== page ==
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Miami-Dade Public Schools ‘continues to be targeted by cyber attacks,’ district officials say

Miami-Dade County Public Schools reported more issues Wednesday on the third day of online learning.
Miami-Dade County Public Schools reported more issues Wednesday on the third day of online learning.

MIAMI-DADE COUNTY, Fla. – Miami-Dade County Public Schools reported more issues Wednesday on the third day of online learning.

“M-DCPS continues to be targeted by cyber attacks,” the school district posted to Twitter. “Multiple attempts have been made this morning. The District’s security and safeguard measures have been successful thus far. The 200,000 students who have successfully logged on are asked to remain logged on. Students and teachers who are having trouble logging on are asked to use the alternative log in method provided earlier this week.”

According to Superintendent Alberto Carvalho, Tuesday’s issues also were related to an issue with their service provider, Comcast.

“Comcast has a longstanding relationship with the Miami Dade County Public Schools and we place tremendous value on the partnership we have built together over time,” a statement from the company read. “We have worked together to connect tens of thousands of families to the internet, so any issue that could impact internet access is one that we take very seriously. Comcast became aware of an issue impacting the Miami Dade School District network, causing many families to be unable to access the learning site as the school day began. Given this took place during the beginning of school, we understand how important connectivity is for virtual learning during this unprecedented time. We are continuing to monitor the situation and are working with the school district and law enforcement to ensure this doesn’t happen again. We sincerely apologize to the families, teachers and students who were kept offline.”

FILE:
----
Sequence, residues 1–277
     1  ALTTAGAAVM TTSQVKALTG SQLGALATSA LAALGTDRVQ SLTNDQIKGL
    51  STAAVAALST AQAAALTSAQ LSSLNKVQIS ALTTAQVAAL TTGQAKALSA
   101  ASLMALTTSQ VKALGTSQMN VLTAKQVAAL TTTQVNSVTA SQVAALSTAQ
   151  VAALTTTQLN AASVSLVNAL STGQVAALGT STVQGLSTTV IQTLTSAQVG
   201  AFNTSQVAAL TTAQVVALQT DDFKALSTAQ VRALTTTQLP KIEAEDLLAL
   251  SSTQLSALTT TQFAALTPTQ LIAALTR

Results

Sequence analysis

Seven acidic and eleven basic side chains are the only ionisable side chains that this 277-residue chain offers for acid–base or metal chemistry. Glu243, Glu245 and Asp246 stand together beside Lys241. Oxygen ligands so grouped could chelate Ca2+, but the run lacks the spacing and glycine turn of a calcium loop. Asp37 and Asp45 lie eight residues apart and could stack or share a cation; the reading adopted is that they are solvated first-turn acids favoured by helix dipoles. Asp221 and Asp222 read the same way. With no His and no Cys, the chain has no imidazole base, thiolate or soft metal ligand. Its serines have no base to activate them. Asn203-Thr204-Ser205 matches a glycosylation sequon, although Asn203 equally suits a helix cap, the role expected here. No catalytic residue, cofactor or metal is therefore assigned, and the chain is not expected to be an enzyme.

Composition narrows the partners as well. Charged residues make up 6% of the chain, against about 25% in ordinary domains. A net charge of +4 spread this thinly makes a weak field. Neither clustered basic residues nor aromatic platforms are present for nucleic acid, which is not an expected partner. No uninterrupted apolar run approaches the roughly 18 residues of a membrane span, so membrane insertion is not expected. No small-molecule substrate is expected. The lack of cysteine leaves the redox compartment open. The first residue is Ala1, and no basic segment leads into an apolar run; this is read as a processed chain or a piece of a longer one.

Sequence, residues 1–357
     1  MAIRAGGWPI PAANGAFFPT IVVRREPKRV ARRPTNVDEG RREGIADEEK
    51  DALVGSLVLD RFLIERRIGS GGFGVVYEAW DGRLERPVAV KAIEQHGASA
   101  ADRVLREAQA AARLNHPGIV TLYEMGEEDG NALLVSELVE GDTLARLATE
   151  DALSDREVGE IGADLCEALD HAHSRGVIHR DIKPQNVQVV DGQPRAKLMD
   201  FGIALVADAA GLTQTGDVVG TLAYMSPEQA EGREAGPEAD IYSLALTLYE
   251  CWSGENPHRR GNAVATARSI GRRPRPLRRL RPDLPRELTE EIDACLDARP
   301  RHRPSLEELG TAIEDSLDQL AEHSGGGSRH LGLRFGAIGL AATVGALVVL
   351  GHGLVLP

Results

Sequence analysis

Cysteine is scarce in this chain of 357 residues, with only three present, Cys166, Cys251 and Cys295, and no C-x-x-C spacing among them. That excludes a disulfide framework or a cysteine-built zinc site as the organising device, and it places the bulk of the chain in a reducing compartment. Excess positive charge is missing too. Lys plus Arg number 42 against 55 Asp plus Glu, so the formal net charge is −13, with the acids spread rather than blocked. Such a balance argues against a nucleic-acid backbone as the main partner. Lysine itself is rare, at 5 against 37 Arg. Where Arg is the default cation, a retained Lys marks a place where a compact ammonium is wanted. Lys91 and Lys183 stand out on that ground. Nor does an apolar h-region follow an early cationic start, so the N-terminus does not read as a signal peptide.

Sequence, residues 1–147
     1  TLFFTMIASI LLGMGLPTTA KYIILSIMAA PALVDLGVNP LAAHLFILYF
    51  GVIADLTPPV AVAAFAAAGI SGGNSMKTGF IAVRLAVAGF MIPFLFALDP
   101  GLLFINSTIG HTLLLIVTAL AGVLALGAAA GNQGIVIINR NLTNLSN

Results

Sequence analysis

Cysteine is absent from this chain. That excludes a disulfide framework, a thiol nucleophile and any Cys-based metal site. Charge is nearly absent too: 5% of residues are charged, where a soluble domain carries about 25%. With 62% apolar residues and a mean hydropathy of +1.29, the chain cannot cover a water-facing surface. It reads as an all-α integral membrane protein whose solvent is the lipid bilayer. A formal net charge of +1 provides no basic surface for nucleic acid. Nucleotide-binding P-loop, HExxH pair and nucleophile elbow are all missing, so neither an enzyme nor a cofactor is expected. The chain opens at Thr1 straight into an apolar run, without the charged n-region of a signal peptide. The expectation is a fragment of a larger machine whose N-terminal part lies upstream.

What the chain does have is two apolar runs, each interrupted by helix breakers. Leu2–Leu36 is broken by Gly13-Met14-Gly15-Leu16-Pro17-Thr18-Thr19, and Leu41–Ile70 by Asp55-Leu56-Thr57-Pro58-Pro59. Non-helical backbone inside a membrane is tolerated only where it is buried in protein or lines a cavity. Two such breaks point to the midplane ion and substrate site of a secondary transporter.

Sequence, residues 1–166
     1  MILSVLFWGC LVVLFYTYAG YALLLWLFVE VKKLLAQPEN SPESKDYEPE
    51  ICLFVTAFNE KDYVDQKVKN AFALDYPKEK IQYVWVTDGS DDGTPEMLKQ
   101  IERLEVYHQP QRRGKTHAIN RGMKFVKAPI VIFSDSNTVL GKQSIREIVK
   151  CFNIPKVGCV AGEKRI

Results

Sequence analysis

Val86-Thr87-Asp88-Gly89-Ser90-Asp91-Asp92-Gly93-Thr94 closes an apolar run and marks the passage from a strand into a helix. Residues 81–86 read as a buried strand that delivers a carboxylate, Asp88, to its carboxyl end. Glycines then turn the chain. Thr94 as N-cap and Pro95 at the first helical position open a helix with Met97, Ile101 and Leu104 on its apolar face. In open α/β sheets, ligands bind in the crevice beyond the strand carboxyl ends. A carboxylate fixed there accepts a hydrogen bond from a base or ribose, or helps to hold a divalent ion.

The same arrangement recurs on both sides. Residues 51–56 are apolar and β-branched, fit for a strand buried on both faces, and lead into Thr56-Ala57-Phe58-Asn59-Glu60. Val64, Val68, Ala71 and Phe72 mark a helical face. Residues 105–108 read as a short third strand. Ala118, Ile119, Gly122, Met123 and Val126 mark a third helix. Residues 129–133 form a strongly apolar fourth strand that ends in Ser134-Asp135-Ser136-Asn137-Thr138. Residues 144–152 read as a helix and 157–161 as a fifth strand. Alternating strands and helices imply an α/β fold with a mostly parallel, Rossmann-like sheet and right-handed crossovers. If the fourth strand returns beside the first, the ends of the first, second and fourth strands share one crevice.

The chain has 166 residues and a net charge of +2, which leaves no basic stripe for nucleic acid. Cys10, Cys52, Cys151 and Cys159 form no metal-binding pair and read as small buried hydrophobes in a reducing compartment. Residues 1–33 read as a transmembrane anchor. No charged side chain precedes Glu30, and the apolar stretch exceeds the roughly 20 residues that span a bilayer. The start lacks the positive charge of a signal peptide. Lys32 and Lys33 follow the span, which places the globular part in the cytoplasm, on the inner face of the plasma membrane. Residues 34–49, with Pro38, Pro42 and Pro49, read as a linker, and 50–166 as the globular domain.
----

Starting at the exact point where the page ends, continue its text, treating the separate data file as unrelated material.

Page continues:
Carvalho said a Cisco switch issue was the main problem on Monday.

“Our primary focus is to remain actively engaged to provide whatever additional product or service support is required,” a Cisco spokesperson said in a statement.

School Board member Steve Gallon, who is also vice chair of the board, said they want answers.

“My number one question will not simply be about the attack, but about what provisions and policies and practices we have in place to mitigate and abate those particular attacks,” he said.

Gallon said M-DCPS is the fourth largest school district in the nation with a $5.5 billion budget and nearly 275,000 students, so it’s fair to anticipate schools would be a target to cyber attacks.

He expects there to be a larger conversation not just about the attacks, but about the overall readiness of schools to reopen online, which Gallon has seen as an utter failure.

“These are issues that manifested themselves not simply Monday,” he said. “We’ve had some challenges relative to this particular platform as early as last week.”


About the Authors:

In January 2017, Hatzel Vela became the first local television journalist in the country to move to Cuba and cover the island from the inside. During his time living and working in Cuba, he covered some of the most significant stories in a post-Fidel Castro Cuba. 

Trent Kelly is an award-winning multimedia journalist who joined the Local 10 News team in June 2018. Trent is no stranger to Florida. Born in Tampa, he attended the University of Florida in Gainesville, where he graduated with honors from the UF College of Journalism and Communications.